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Metal Lumber: A History

Jeffrey Syken

The beginnings of human habitation date as far back as 12,000 B.C., when lake dwellers built crude sapling huts along the shoreline. By the time of the Egyptians, sun-baked mud walls and flat roofs made their appearance. By 400 A.D., Roman villas featured tile roofs and glass windows. Around 700 A.D., the Saxons introduced the wooden frame and by the year 1,500, the English “Tudor” home – featuring oak beams and a stucco exterior appeared in England. In the 17th Century America, the Pilgrims constructed small houses with hand-sawn beams and the Swedes of Delaware introduced the ever-popular log cabin from their native land.

By the 19th Century, indoor plumbing and central heating had made their appearance, but the framework remained, primarily, wood. In the early days, mortised joints held together by wooden pegs were commonplace since nails, being individually forged, were expensive. In fact, it was common practice to burn down a house for the sake of recovering the nails alone. By 1800, machine-cut nails and a lighter wood framework had appeared. But still, the problems inherent in wood framing remained (i.e combustibility, termite infestation, warping/shrinking etc.). By the early 20th Century, earlier experiments with wrought-iron led to the adaptation of light steel frames for buildings.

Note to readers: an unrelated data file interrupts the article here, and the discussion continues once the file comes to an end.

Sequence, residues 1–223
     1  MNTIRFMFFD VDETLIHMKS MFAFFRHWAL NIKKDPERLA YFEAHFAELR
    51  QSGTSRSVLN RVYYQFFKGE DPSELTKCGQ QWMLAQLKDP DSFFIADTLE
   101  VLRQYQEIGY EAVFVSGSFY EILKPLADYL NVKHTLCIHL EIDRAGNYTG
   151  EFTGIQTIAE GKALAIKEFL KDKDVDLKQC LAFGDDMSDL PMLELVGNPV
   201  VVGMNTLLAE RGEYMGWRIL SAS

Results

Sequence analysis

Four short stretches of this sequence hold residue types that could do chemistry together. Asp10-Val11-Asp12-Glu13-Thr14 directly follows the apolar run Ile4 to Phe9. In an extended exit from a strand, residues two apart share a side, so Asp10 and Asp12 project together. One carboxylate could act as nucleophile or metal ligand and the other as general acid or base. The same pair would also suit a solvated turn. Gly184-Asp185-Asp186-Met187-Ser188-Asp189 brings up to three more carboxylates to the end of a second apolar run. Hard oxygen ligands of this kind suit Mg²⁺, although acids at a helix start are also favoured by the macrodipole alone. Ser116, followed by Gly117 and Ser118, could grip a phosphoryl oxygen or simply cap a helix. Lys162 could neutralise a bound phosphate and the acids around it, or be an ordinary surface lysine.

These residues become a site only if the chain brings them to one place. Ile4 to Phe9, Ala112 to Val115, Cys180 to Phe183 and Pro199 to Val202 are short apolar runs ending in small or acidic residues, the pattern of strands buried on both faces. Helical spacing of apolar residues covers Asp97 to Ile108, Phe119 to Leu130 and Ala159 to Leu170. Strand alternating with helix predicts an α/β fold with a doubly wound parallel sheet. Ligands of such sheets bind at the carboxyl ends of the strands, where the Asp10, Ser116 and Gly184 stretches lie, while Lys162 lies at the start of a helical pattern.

Strong, durable, adaptable, economical, incombustible, inorganic (thus inedible), lightweight, cost effective etc., by the 1920s “Metal Lumber” was making a significant impact on the construction industry in America. Not meant to replace “hot-rolled” steel members (i.e. I-beams), it was nevertheless being used for floor, wall and roof systems in fifty-five classes of buildings. Its true calling would be in the private, detached house where its benefits were manifest. On display at the “Homes of Tomorrow” exhibit at the 1933/34 Chicago “Century of Progress” World’s Fair, the “Good Housekeeping-Stran-Steel House” made quite an impression on fairgoers. In the post-WWII building boom, Metal Lumber would help make safe, affordable, mass-produced housing s reality.

This course includes a multiple-choice quiz at the end, which is designed to enhance the understanding of the course materials.

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